Earlier this week, the City of Toronto announced that it will now be collecting race-based data to eliminate the blind spot in its response to the pandemic.
And while the Province has still neglected to collect such data, it’s hard to say if this data will make a difference in the grand scheme of things.
In recent days a clear picture has emerged of COVID-19’s deadly toll on black Americans. It’s hard not to notice the systemic policies that have made many African Americans far more vulnerable to the virus, including inequity in access to health care and economic opportunity.
And while Americans have the data available to them what policies or precautions have been implemented to aid those who are most vulnerable?
Here in Canada, Prime Minister Justin Trudeau has said: “Our government is going to make sure that no matter where you live, what you do or who you are, you get the support you need during this time.”
And while his words might provide a great sound bite, putting them into practice is quite another thing entirely, especially when our system does not provide adequate services for racialized and marginalized communities.
How can a system that doesn’t understand the needs of its most vulnerable, be trusted to serve them during this time?
Black and Indigenous communities encounter racist health systems that impact their physical, mental, and financial well-being, this is not new.
Yet nothing has changed in the way we serve these communities. No plan, no strategy, nothing of substance that assists in getting them the services they require and deserve.
It’s unrealistic to believe that dismantling systems that have existed for hundreds of years is going to happen overnight because of the well-intentioned words of an eloquent leader, and the collection of data.
Let’s break it down a little bit, even before this recent pandemic the rate of diabetes in the Black community was twice as high compared to White communities. More than 100,000 Blacks in Ontario alone have been identified as carriers of Sickle Cell.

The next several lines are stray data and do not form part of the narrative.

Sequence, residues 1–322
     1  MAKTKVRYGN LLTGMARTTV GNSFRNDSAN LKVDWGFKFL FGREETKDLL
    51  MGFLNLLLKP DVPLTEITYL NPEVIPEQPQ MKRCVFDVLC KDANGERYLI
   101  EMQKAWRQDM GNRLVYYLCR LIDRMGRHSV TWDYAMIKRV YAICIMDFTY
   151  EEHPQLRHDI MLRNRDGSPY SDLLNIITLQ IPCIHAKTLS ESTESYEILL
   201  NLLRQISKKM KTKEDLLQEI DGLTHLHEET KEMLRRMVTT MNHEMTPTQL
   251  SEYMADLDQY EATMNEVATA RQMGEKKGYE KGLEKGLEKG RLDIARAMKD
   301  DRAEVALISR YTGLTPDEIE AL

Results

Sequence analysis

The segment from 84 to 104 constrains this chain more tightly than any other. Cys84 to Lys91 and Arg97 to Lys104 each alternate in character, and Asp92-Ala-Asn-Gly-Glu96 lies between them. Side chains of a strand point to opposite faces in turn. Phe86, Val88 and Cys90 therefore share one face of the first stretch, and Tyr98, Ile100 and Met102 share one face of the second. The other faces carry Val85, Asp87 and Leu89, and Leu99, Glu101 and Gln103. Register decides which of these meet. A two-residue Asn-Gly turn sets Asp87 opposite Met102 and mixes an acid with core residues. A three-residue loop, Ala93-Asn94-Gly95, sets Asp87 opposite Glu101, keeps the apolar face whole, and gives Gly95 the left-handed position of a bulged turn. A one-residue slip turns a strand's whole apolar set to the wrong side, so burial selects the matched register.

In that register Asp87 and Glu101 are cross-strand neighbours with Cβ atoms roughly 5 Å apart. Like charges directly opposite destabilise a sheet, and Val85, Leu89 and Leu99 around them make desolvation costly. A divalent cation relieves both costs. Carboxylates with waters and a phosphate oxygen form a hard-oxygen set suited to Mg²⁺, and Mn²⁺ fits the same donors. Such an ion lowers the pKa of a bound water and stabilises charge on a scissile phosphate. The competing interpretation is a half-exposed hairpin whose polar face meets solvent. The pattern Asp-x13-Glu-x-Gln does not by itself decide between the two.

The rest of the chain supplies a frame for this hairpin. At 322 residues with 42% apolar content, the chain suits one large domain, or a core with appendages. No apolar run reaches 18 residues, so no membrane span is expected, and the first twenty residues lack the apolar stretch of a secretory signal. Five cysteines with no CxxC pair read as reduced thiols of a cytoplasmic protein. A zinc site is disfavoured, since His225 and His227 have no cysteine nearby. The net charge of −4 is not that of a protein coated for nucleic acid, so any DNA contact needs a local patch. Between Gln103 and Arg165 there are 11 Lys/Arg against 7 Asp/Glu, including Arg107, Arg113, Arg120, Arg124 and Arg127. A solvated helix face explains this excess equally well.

The most disheartening of all is that Black communities are disproportionately affected by health-related issues such as mental health, HIV/AIDS, heart disease, sickle cell, stroke, and hypertension. But they have yet to be effectively addressed within the Canadian health-care system. The data is there, yet still, nothing has been done.
Perhaps the province doesn’t agree with collecting the data because they already know what the data will say, and as a result, they might be held accountable to make real change.
Whether or not you believe in this pandemic the truth is that once again it is targeting communities that were already at risk, no data needed to make that assumption.
The city, the province and the country need to create and implement health policies and strategies that help racialized and marginalized communities during and after the pandemic.
The evidence and research are there and it is clear that the negative interactions based on race have led to the distrust of the health care system at large and toward health-care providers.
When the data is collected hopefully there will be change, but if history has taught us anything most likely this will only be a footnote of this pandemic.